SYLLABUS FOR PHYSICS 103 - GLOBA by fjzhangm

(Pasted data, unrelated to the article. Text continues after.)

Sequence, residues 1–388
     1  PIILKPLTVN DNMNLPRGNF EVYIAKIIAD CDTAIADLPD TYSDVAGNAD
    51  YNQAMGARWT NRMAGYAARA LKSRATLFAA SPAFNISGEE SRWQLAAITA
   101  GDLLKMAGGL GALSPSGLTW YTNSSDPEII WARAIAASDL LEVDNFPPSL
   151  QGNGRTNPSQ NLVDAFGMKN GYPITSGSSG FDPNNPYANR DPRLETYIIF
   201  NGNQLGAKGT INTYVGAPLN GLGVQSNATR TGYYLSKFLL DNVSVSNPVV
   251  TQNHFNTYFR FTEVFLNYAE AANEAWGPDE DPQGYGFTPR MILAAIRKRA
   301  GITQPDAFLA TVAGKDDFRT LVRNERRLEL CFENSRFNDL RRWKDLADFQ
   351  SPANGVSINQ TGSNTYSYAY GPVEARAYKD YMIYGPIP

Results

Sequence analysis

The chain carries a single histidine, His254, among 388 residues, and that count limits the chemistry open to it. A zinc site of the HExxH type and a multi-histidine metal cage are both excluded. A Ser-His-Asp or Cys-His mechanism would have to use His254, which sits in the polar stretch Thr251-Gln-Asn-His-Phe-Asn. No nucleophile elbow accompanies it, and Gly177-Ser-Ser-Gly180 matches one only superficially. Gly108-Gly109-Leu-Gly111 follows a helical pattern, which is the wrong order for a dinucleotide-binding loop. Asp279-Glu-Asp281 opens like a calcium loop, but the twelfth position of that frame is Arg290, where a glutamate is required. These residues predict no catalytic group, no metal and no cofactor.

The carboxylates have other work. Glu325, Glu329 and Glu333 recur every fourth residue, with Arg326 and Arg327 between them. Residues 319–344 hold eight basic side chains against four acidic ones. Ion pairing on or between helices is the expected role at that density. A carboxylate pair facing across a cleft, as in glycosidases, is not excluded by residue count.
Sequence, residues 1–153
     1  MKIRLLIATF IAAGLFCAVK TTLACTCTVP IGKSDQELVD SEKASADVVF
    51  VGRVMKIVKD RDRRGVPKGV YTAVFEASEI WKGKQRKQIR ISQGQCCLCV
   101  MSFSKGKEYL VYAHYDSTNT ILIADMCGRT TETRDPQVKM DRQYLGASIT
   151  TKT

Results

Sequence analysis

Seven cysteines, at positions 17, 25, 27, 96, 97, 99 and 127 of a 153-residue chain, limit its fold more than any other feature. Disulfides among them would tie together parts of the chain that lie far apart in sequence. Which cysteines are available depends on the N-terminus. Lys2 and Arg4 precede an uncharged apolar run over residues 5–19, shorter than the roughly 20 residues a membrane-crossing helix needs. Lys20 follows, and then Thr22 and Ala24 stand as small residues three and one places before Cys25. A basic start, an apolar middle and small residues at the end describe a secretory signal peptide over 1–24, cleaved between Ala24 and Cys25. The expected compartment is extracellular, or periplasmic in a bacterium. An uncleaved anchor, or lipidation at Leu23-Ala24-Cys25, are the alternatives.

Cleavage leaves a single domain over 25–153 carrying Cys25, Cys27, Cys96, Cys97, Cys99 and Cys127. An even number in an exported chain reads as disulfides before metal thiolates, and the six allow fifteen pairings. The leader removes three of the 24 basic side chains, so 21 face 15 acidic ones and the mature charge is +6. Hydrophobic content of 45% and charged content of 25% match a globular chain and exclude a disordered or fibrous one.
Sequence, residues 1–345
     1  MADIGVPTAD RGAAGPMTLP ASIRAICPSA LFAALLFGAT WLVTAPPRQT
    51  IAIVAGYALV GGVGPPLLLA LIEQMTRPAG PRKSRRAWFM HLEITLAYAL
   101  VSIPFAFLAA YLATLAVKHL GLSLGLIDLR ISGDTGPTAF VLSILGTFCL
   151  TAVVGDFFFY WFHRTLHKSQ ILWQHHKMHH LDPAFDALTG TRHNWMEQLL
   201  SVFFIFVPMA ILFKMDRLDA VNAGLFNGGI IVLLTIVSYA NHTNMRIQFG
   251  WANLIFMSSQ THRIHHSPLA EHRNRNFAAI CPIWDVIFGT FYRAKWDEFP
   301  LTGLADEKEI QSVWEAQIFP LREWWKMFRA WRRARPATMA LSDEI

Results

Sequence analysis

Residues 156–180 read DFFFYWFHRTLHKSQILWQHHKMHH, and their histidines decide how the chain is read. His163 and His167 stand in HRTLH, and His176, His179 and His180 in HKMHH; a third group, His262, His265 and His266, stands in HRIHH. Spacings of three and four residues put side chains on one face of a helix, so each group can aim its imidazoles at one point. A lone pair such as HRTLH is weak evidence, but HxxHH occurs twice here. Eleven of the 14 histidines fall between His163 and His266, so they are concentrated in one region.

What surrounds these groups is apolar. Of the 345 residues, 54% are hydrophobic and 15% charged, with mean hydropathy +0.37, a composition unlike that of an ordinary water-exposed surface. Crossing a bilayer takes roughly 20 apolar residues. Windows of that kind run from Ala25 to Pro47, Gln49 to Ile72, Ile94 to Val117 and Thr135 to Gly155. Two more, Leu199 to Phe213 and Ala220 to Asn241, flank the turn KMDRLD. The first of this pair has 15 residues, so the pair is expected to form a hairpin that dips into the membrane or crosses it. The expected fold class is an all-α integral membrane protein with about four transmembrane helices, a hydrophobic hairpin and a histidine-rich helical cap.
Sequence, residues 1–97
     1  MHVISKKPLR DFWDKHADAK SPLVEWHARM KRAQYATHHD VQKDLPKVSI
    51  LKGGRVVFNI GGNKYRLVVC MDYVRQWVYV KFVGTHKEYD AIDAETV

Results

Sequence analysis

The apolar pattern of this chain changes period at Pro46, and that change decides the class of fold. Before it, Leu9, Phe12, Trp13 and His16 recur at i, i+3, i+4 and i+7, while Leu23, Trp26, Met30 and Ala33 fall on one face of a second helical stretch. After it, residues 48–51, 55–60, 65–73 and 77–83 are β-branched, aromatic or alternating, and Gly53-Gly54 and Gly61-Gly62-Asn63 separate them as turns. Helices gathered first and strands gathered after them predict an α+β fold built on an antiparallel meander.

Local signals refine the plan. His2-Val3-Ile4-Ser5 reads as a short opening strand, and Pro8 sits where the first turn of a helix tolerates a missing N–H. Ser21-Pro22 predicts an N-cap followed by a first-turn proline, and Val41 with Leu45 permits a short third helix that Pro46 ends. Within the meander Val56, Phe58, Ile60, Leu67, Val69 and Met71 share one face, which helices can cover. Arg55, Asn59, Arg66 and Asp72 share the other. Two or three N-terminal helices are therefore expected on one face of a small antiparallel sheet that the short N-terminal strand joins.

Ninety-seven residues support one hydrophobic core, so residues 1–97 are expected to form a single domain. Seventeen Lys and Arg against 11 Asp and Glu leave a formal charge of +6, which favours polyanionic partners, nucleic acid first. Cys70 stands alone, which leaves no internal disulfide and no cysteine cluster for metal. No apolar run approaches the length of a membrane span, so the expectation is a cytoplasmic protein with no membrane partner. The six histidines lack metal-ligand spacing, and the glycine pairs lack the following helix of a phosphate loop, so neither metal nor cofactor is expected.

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									RHODES COLLEGE DEPARTMENT OF PHYSICS SYLLABUS FOR PHYSICS 103 - GLOBAL CHANGE Fall Semester, 2001 Professor J. Streete Office: 313 RT Phone: 843-3914 Email: JStreete@rhodes.edu Homepage: http://www.physics.rhodes.edu/streete Textbooks: “Energy and The Environment” by R. Ristenen and J. Kraushaar “The Sun-Earth System” by J. Streete In this study of global environmental change, we will emphasize the concept of energy. It will be seen that energy obtained from fossil fuels is limited and often damaging to the environment. We will look at various measures that may be taken to increase the time span available for use of this type of energy, while making its use less harmful to the environment, and will study the development and implementation of sustainable, alternative energy sources. Along the way there will be separate lectures on such topics as the greenhouse effect, stratospheric ozone depletion, acid rain and El Niño. In the Course Schedule and Reading Assignments below, you will notice that the chapters will not be covered in order, so be sure to check this schedule regularly. You will find additional readings and material on my homepage (address above) under Course Syllabi, Global Change. The sources may be accessed by clicking on the underlined addresses. Some of this material is required reading or exercises for the course, and all should be helpful as you study the various components of global change. The Wednesday and Friday lectures will be held in FJA, and except for our field trip, we will meet Mondays in the computer lab in Buckman 214. Also note that the lab will begin at 1:00. The lab periods will last for approximately two hours. One of the goals of the course is learning to use system-modeling software to investigate various physical and social systems. This modeling will be done on a PC computer with software called Stella II™. You should be able to learn Stella II fairly quickly, but might expect to experience some degree of frustration as you begin using this software. Don’t be discouraged! Although the course is designed for non-science majors, it does provide Natural Science credit and, therefore, mathematics at the level of introductory algebra will be used. You will be required to develop several computer models during the semester. These will be graded and the weight of the grades given your models is shown below.